Try looking at your story that way. If it can still stand on its own without the first few chapters setting the story up—get rid of them.

Kathryn Knight — “I get to know my characters intimately, but that doesn’t mean I put all those details into the story.  I focus on including the pieces that help explain motivation, ie why a person behaves a certain way, why they want their goal, and what resulting emotions might fuel internal motivation and conflict.  I also like use hints about backstory to keep the reader hooked – ie, Why is Emily in Haunted Souls so afraid to get involved with someone in the military?  Or in Divine Fall, what happened in Dothan’s life that has sparked his quest for vengeance?  Eventually these things are revealed, which continues to create a solid backstory while also building tension.”

https://www.amazon.com/Kathryn-Knight/e/B00919ENJA

I like Kathryn’s take on things a lot.  Everyone always says to “sprinkle” the backstory in but never tell you how to do this. The lovely Ms. Knight just did. The readers need to know what immediately motivates a character. So if the scene is about the quest for vengeance, there is your chance to trickle in what sparked that quest.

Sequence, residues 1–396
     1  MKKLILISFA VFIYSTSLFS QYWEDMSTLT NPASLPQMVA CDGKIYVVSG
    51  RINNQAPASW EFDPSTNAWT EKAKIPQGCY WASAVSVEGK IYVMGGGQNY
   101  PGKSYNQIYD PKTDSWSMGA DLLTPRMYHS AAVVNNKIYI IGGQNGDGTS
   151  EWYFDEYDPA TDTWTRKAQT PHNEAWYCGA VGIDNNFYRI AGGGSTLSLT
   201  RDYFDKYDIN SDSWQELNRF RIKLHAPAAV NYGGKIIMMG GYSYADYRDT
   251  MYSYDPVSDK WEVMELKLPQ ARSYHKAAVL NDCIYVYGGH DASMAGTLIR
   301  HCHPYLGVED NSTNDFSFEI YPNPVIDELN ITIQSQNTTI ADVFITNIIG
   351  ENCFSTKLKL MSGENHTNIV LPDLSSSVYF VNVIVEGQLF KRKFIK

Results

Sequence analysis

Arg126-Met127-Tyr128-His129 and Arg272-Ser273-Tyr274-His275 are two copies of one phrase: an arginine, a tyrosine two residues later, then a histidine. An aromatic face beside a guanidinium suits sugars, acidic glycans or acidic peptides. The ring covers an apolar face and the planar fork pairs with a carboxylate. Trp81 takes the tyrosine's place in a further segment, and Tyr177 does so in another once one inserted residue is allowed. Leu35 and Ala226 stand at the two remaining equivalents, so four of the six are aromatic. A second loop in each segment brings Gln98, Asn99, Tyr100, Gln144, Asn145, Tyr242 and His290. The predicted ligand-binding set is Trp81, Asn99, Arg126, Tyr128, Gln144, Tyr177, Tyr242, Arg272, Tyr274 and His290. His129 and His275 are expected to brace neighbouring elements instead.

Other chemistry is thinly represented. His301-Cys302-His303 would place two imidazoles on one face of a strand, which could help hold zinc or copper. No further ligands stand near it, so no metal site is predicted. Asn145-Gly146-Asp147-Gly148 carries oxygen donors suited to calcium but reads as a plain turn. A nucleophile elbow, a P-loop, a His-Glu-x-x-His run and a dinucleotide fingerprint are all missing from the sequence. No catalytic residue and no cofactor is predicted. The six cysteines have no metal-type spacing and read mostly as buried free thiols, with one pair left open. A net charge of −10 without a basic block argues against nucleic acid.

Alicia Hunter Pace  — “We all know not to do a big dump and to weave it in. But don’t wait too long. That will frustrate the reader.”

https://www.amazon.com/Alicia-Hunter-Pace/e/B009ODORZI/ref=sr_ntt_srch_lnk_1?qid=1519185983&sr=8-1

Another great point. You can’t wait too long to show your readers what motivates your characters.

Anna Lores – “As writers, we know everything about our characters, the settings, where they are going, and where they’ll end up. We also know ALL of their backstory, and we want everyone to know it. But do we really want to tell the reader everything?